Tim: This week, I continued with Kiersten White‘s Slayer, and also listened to some of Holly Black‘s The Cruel Prince. Both are on the typical side of YA these days (teenage female protagonist, alternate/underground society that’s at least initially portrayed a really intense version of high school), but I’m enjoying them. Slayer might be my preferred book so far (maybe out of my old Buffy fandom). Otherwise, I’m working on a review, but was a bit inhibited by the untimely death of my laptop. I’m going to try a resurrection, so fingers crossed…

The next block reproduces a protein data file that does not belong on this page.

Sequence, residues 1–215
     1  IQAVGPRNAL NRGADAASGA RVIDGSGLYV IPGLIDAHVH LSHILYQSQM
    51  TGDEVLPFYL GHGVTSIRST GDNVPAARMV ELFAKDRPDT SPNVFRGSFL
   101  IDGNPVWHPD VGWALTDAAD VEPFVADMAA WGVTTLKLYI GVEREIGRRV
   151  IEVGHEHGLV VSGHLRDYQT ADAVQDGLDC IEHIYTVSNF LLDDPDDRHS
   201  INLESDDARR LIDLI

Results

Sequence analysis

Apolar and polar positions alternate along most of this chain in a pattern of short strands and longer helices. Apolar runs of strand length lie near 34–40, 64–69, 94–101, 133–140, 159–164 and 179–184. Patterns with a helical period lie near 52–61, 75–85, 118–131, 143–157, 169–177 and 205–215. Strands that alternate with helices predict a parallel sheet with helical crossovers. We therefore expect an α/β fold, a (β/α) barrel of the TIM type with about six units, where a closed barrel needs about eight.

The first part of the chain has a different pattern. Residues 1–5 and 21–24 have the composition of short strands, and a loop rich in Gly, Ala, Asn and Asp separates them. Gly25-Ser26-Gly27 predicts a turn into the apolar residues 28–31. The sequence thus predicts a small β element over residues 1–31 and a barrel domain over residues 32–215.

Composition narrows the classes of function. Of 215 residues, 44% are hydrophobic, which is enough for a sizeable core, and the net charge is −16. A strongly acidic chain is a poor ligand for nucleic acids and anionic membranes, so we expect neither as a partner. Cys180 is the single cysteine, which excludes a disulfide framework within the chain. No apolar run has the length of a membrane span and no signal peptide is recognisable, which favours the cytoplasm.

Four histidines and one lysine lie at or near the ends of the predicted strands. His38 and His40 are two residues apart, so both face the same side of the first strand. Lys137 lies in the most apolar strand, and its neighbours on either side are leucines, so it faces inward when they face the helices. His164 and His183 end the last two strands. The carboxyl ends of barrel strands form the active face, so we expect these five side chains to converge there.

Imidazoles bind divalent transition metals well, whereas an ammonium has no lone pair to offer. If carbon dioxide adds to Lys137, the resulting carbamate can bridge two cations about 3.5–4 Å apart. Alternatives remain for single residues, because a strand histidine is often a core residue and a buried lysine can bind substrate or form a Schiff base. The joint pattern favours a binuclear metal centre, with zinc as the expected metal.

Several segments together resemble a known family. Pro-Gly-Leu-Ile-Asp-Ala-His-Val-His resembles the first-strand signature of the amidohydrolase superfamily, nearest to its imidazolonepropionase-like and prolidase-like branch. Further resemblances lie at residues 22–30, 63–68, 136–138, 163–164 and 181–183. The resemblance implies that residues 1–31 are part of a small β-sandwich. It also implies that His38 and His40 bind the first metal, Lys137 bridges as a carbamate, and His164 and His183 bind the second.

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TIM SCHEIDLER, who's been with us since June 2011, holds a Master's Degree in Popular Literature from Trinity College Dublin. Tim enjoys many authors, but particularly loves J.R.R. Tolkien, Robin Hobb, George R.R. Martin, Neil Gaiman, and Susanna Clarke. When he’s not reading, Tim enjoys traveling, playing music, writing in any shape or form, and pretending he's an athlete.